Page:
Partying is "built into the rhythm and architecture of higher education." Photo by Incase, Flickr CC

What’s So Cultural about Hookup Culture?

Arman was 7,000 miles from his family, one of the roughly million international students who were enrolled in U.S. colleges last year. Dropped into the raucous first week of freshman year, he discovered a way of life that seemed intensely foreign, frightening, and enticing. “It’s been a major shock,” he wrote.

The behavior of some of his fellow students unnerved him. He watched them drink to excess, tell explicit sexual stories, flirt on the quad and grind on the dance floor. He received assertive sexual signals from women. It was, Arman wrote, “beyond anything I have experienced back home.”

By his second semester, Arman’s religious beliefs had been shaken. He was deeply torn as to whether to participate in this new social scene. “Stuck,” he wrote, “between a sexually conservative background and a relatively sexually open world.” Should he “embrace, accept, and join in?” Or, he wondered, using the past tense like a Freudian slip, “remember who I was and deprive myself of the things I actually and truly want deep down inside?”

He struggled. “Always having to internally fight the desire to do sexual things with girls is not easy,” he wrote. One night, he succumbed to temptation. He went to a party, drank, and kissed a girl on the dance floor. When the alcohol wore off, he was appalled at his behavior. “How much shame I have brought onto myself,” he recalled with anguish.

A few months later, he would lose his virginity to a girl he barely knew. His feelings about it were deeply ambivalent. “I felt more free and unbounded,” he confessed, “but at the same time, guilt beyond imagination.”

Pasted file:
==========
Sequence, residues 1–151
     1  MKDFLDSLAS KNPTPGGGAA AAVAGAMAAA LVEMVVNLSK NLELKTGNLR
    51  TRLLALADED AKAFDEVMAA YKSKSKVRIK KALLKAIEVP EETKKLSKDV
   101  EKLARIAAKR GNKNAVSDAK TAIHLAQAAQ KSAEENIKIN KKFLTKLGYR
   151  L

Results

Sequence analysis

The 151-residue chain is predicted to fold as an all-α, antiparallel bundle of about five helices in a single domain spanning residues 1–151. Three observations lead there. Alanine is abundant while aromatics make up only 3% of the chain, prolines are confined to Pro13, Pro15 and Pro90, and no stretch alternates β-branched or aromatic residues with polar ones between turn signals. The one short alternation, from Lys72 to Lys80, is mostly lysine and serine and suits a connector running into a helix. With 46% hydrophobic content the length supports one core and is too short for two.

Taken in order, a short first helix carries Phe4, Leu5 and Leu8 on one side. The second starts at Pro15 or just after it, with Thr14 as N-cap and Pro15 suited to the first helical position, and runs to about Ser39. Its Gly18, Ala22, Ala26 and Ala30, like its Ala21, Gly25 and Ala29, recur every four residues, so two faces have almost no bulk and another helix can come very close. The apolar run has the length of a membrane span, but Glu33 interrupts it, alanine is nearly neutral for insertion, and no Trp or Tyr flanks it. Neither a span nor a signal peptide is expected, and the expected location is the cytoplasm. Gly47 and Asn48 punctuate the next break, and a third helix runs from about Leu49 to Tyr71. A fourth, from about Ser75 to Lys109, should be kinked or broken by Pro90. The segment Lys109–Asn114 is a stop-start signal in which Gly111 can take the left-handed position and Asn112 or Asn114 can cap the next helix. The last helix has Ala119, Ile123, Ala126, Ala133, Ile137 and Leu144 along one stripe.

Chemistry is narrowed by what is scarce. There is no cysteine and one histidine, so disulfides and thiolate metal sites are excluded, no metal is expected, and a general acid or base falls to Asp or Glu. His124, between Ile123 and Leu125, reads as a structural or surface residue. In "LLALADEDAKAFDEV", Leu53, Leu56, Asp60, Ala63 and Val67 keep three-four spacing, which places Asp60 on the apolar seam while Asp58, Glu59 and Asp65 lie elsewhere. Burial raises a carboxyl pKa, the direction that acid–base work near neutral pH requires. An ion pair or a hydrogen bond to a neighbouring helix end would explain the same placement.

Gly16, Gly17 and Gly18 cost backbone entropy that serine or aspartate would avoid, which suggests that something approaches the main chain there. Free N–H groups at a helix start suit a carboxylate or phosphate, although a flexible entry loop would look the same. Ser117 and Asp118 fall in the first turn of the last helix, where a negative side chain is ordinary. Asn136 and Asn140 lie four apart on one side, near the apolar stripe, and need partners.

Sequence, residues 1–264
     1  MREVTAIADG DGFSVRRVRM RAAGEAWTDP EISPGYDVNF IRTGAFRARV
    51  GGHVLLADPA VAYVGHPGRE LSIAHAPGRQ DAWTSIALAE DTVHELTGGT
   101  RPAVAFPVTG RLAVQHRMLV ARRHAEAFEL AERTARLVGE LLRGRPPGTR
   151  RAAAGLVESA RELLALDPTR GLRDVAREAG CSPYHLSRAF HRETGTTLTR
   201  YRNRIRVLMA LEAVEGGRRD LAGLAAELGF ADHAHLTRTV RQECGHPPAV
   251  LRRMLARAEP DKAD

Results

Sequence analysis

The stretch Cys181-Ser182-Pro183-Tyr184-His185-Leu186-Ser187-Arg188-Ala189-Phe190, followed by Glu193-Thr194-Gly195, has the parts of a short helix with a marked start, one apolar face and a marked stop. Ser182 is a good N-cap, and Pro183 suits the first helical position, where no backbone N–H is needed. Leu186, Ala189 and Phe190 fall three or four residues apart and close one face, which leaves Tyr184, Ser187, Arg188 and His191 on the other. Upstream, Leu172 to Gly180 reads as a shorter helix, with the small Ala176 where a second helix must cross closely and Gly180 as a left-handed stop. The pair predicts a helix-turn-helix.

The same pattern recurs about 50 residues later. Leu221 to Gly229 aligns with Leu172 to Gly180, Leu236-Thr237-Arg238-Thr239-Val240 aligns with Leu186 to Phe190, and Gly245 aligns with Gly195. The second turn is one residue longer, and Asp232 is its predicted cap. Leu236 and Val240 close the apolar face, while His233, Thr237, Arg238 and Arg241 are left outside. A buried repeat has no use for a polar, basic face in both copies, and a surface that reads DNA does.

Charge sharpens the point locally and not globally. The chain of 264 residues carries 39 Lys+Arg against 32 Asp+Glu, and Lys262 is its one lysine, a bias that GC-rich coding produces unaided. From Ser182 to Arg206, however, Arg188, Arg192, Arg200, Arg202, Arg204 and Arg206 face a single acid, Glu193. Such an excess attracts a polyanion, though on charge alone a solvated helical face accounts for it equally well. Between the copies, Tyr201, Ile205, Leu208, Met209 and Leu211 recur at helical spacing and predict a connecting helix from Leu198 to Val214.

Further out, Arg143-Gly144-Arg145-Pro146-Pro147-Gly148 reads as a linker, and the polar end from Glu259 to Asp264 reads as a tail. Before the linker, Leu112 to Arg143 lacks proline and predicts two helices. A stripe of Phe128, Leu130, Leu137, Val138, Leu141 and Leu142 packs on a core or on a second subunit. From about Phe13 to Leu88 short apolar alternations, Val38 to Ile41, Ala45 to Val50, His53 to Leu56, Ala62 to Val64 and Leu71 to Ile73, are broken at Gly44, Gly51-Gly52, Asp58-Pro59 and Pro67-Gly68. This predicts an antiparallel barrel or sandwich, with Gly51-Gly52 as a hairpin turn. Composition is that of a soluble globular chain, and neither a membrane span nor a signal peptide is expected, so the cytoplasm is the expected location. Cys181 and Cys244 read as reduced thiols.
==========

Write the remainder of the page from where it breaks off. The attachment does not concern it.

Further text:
For my book, American Hookup: The New Culture of Sex on Campus, I followed 101 college students through a semester of their first year. They submitted weekly journal entries, writing about sex and dating on campus however they wished. In total, the students wrote over 1,500 single-spaced pages and a million words. I dovetailed their stories with 21 follow-up interviews, quantitative data from the Online College Social Life Survey, academic literature, hundreds of essays written by students for college newspapers, and 24 visits to campuses around the country.

Arman was an outlier. Very few students are strongly motivated to abstain from sex altogether, but it’s typical for students to report mixed feelings about the opportunity to have casual sex. Thirty-six of the 101 students I studied reported being simultaneously attracted to and repelled by hookup culture upon arrival at college, compared to thirty-four who opted out entirely, twenty-three who opted in with enthusiasm, and eight who sustained monogamous relationships.